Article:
Along with the sliding price of bitcoin – currently in the process of achieving new lows for the year near $5,000 – both the hashpower and mining difficulty on the Bitcoin network seem to have peaked. Both are now falling at rates which have become unusual for Bitcoin in 2018, even as prices have continued to shake out the rest of the market.
Looking at bitinfocharts’ yearly hashrate chart tells a story of a broad and powerful uptrend stopped in its tracks.
Bitcoin’s network began the year with about 16 exahash per second (Eh/s) worth of firepower, growing all year until reaching a high only weeks ago, of 60 Eh/s.
From that nearly 300% rise to 60 Eh/s rate, however, hashrate has dipped sharply to 42.7 Eh/s on November 16 (or even lower according to fork.lol), and looks to be in a shallow downtrend. This is most likely due to fiscal pressure put on miners, who may be turning off their rigs, unable to absorb losses incurred by the falling price of bitcoin.
An additional possibility for falling Bitcoin hashpower is that the Bitcoin Cash hardfork detracted hashpower from the Bitcoin network, as the competing sides of the Bitcoin Cash fork used resources previously dedicated to Bitcoin to support their respective sides of the fork.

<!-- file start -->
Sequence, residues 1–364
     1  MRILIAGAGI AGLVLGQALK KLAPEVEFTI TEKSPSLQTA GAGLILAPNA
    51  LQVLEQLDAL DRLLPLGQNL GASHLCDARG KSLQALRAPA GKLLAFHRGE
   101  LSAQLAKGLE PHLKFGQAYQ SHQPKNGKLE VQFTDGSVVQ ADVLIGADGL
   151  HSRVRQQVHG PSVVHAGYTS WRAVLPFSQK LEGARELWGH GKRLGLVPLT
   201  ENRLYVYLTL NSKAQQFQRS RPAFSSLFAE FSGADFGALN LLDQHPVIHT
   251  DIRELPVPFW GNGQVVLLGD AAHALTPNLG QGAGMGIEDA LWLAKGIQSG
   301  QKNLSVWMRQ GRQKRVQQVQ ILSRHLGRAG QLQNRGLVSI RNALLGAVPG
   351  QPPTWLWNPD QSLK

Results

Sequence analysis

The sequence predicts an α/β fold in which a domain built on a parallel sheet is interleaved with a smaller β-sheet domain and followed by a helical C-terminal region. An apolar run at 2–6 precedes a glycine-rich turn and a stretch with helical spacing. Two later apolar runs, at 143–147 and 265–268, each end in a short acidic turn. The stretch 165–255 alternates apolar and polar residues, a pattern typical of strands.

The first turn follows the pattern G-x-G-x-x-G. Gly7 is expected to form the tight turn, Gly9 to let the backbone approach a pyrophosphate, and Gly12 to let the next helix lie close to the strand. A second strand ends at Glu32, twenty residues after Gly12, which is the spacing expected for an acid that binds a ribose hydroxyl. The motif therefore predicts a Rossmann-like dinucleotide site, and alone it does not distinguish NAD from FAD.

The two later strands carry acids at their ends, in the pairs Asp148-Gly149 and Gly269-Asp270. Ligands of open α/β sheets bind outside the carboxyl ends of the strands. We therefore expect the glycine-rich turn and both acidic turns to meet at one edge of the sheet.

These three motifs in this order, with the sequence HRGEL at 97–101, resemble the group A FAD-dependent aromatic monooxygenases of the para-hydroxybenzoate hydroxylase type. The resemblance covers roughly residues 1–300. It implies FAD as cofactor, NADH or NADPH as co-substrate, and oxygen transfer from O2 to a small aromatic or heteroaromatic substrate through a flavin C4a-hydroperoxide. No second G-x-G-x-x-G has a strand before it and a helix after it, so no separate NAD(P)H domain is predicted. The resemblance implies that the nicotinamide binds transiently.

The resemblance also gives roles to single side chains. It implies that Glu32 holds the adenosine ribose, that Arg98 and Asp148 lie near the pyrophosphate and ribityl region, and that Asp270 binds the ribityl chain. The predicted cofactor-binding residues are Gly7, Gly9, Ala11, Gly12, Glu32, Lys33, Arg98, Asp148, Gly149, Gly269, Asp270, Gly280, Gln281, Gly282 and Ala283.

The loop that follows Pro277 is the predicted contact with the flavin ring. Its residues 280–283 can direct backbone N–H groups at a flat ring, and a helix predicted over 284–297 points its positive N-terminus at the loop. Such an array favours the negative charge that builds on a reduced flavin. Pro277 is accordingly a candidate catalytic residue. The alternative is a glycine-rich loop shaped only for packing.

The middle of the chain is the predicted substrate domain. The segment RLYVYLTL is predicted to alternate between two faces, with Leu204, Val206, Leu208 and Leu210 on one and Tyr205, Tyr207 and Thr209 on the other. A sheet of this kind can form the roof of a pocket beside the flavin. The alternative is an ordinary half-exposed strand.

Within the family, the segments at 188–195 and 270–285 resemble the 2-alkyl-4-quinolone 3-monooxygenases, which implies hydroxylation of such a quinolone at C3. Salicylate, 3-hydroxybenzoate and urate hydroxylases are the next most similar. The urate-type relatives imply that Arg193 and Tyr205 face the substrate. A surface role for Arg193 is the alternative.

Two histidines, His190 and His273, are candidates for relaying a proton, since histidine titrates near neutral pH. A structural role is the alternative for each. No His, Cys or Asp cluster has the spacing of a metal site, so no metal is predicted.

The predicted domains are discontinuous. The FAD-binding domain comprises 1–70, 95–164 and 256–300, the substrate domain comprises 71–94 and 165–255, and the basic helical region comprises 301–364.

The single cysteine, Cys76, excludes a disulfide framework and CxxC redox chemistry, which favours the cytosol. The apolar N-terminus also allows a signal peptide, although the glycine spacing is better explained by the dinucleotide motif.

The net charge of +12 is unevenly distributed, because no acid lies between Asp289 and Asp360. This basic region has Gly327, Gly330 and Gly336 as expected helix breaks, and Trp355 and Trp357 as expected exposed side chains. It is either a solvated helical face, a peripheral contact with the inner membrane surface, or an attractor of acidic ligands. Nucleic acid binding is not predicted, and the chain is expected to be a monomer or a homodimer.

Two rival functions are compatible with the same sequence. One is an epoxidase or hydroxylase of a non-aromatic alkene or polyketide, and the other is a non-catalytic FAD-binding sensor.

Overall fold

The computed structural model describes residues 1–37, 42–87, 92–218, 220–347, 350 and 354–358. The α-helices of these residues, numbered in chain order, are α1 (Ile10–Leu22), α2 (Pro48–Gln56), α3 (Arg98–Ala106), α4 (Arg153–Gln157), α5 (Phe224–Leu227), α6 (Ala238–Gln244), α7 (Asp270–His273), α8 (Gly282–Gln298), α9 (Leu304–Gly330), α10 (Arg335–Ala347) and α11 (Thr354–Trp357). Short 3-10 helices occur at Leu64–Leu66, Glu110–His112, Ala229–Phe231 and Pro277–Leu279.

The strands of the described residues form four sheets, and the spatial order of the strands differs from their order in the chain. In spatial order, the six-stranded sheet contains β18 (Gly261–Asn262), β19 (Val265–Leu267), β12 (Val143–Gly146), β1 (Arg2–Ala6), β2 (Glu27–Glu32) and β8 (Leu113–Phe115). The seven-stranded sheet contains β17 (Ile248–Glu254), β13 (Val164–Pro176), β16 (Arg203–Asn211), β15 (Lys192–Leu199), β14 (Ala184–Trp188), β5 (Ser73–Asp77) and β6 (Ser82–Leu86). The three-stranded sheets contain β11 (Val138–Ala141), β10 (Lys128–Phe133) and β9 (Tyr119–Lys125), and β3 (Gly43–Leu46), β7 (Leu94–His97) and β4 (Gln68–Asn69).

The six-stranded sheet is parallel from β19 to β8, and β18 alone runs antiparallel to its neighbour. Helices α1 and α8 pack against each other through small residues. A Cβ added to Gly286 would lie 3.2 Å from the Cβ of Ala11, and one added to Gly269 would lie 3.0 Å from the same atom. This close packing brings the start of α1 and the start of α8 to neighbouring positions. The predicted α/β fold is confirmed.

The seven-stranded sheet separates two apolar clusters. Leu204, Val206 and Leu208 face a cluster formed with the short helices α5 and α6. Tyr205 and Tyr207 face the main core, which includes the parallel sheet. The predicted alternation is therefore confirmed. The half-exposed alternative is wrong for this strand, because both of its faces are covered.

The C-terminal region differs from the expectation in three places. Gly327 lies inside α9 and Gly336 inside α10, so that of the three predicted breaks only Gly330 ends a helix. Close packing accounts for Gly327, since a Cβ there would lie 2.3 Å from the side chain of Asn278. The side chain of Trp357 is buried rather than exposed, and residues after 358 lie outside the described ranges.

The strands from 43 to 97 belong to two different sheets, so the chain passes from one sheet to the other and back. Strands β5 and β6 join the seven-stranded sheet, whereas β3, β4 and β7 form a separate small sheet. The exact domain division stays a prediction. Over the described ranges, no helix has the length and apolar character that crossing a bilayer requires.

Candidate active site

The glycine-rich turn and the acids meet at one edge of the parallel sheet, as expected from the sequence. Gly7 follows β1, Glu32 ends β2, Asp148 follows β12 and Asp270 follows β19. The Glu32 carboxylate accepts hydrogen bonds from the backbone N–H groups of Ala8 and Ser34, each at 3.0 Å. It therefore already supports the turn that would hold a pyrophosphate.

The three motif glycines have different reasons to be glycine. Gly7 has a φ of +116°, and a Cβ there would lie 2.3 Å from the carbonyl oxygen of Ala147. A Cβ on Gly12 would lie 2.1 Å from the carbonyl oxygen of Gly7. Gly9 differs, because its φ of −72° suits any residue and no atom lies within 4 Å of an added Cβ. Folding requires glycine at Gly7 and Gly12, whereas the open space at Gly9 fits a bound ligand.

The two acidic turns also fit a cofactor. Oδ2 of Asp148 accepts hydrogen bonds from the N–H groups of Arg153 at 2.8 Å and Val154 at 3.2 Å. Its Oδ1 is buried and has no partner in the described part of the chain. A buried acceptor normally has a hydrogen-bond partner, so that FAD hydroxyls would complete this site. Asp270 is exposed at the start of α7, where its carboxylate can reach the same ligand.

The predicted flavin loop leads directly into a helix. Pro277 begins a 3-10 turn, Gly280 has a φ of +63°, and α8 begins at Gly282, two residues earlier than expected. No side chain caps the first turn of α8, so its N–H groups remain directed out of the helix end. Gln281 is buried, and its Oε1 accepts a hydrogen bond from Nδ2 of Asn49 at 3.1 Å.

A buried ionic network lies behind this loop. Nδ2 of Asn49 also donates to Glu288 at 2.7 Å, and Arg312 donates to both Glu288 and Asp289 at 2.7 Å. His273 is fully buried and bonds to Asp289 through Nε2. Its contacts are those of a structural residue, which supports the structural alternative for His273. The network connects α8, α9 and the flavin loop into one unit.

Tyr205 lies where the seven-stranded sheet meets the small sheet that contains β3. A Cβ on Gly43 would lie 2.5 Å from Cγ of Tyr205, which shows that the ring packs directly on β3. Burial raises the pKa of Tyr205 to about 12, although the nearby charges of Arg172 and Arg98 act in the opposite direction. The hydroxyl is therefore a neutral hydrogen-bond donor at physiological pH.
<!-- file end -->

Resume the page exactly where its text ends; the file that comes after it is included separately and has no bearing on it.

Mining Difficulty Falling
It is not just hashrate that has been falling, but also subsequently mining difficulty. (The Bitcoin software adjusts its difficulty every 2016 blocks, which should take about two weeks if blocks are mined every ten minutes; if they are not, Bitcoin will adjust the difficulty up or down to hit ten minute block times.)
A fall in mining difficulty is quite a rare event on the Bitcoin network – it is most often rising along with rising hashpower. But of late it has been flat or falling. Since October 17 the difficulty has fallen and is now accelerating to the downside, from 7.45T to 6.65T.
CrytpoGlobe recently covered the importance of Bitcoin’s mining difficulty, and the historic role difficulty fluctuations have played in signalling market movements. In brief, extended periods of falling or flat mining difficulty could signal the bottom of dwindling markets, according to some analysts.
If the bitcoin price continues to plunge, a further drop in both hashpower and difficulty would not be surprising.